5. implied must be analysed critically in as much as they relate to the level of inflation, unemployment, consumption, government spending, and investments These business cycles implied and being created in the budget 2017 must be in tandem with the rest of global markets especially the ones Zambia is inclined e.g. the Bricks and other emerging markets Then also align policies in terms of Government spending and see how corporates and firms activate business cycles to ensure that these measures have a good transmission mechanism Often when I hear I tend to pause and think the effect
    It should affect the overall level of activity within a country and the balance of austerity and…

  6. enjoyment must not be hash but carefully over a period of 3 year within the global economic outlook
    For instance when I look at the agricultural ,construction,manufacturing,transportation,ultilities,retail businesses and financial services including the other The budget has not provided that Initiative and impetus that it was expected to support the structure and drive the growth to the projected meagre 4% What this means is that there has to be flexibility and initiative to create an exciting environment even in this
    There are structure measures that are needed to at least cushion and balance the effect of measures to ensure our businessmen are insulated from…

  7. severe economic conditions seen in 2017
    When you look at the social scheme in pensions and cash transfer and see the longevity risk exposure of many of these our people in their retirement and living incomes ,you will observe that the budget 2017 has given SOCIAL security a leap service The problem is not in the allocation but longevity of incomes in jobs created and retirement adjusted incomes that are inflation adjusted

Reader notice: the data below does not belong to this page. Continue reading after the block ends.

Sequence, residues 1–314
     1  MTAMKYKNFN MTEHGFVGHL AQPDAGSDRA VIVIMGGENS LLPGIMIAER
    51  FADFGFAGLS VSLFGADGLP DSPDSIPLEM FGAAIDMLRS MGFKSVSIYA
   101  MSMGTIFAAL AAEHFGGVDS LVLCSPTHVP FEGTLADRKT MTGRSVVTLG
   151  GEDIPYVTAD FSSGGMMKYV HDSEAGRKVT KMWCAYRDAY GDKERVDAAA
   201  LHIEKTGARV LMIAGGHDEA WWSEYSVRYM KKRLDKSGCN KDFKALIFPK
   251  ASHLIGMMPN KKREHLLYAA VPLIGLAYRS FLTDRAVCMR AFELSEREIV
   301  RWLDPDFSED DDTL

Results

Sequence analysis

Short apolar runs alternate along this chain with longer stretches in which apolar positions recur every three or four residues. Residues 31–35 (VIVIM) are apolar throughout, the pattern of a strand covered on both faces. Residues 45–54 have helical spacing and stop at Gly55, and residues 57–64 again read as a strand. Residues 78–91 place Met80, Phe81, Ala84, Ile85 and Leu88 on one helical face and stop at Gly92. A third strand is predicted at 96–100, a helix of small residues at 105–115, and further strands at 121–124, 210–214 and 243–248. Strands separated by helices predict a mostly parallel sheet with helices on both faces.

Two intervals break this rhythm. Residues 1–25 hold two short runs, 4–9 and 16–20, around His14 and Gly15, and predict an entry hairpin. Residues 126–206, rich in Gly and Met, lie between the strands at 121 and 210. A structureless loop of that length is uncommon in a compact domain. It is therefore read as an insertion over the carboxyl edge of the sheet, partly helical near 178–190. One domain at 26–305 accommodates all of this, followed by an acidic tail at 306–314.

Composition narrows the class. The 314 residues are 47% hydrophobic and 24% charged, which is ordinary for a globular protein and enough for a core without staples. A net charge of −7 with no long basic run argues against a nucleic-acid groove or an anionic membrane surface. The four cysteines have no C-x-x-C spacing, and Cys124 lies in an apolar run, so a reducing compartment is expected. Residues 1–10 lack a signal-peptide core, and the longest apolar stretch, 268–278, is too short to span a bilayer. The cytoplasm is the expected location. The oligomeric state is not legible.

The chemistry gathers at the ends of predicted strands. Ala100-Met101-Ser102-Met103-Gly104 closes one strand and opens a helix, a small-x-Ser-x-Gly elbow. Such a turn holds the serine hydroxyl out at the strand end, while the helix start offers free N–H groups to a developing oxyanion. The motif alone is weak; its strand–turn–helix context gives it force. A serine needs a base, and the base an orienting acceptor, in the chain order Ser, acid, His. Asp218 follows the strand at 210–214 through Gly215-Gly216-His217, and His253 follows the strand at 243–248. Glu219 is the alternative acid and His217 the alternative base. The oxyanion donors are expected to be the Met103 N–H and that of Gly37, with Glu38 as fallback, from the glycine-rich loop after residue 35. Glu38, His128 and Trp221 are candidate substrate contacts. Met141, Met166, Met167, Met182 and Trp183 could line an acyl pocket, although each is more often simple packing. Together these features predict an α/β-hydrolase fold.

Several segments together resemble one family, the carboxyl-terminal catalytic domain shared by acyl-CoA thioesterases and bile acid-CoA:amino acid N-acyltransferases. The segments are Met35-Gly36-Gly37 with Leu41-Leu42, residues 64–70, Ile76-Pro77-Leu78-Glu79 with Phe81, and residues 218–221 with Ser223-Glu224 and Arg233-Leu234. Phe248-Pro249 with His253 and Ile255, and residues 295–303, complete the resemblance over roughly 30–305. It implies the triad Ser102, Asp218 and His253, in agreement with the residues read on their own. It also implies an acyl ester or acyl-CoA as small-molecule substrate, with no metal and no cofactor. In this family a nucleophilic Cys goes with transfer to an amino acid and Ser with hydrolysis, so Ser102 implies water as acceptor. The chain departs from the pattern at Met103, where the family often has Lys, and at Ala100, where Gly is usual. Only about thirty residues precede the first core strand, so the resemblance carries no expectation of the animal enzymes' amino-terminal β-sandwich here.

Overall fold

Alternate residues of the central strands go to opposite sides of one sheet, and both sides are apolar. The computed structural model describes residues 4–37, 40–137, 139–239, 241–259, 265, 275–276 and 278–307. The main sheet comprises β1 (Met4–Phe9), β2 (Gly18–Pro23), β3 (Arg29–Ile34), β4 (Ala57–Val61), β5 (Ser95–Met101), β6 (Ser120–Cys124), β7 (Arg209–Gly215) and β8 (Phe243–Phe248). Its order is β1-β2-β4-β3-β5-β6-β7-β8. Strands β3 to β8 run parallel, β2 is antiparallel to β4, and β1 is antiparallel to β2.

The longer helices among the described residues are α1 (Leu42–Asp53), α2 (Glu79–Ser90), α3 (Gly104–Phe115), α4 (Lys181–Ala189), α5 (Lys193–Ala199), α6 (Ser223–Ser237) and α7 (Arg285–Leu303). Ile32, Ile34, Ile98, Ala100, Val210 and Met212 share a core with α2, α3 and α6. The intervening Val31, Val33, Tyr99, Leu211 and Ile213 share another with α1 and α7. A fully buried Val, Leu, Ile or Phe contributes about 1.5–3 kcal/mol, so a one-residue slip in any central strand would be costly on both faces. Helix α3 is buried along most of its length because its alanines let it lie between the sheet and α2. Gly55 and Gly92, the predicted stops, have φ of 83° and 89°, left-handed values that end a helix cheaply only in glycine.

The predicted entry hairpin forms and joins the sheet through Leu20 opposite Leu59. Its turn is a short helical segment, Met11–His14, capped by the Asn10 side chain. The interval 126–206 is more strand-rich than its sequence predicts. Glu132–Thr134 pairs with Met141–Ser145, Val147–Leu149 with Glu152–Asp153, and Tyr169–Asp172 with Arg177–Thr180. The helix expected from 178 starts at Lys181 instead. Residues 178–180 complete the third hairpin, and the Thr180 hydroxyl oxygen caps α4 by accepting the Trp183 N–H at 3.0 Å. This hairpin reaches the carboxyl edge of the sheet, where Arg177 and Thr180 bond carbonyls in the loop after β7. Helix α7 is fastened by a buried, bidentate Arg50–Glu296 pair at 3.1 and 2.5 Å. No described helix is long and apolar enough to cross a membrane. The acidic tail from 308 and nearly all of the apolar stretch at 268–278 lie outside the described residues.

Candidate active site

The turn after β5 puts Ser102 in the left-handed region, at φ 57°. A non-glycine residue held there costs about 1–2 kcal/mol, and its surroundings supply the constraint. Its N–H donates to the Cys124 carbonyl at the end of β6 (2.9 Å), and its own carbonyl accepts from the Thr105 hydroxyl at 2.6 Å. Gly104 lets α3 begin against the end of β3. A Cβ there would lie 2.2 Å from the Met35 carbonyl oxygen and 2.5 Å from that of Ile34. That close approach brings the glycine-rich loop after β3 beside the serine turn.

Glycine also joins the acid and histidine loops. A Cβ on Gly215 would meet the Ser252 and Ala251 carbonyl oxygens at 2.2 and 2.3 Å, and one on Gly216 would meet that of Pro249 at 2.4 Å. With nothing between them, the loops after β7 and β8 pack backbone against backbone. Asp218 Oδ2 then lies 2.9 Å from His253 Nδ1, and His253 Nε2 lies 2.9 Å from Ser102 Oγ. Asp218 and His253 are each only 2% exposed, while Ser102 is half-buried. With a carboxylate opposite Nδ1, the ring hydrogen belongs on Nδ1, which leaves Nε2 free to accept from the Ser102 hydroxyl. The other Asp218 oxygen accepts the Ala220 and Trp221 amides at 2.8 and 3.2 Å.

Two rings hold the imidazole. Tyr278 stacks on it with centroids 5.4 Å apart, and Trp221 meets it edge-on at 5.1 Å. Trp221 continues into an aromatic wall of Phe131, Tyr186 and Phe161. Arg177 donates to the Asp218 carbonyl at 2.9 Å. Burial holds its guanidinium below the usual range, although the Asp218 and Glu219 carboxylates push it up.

To conclude the Budget indicators 2017 are weak on parity conditions and everything possible should be done to ensure its flexible enough to meet the unfolding financial and other commodity crisis that can impact both regional and globally

  8. You will need to reassess the global prospects and markets in regions and sub Sahara and the BRICA in particular as nothing may come from trumpets orientation

    The theme of the budget 2017 must also flow with the fiscal and monetary policy analysed Manufacturers in those debt dismantling may opt not to spend money but may behave like a currency trade who buys to always keep the dollar and the financial market mechanisms may not work as before to ensure that the intention of the minister are well supported to create that multiplier and velocity in the economy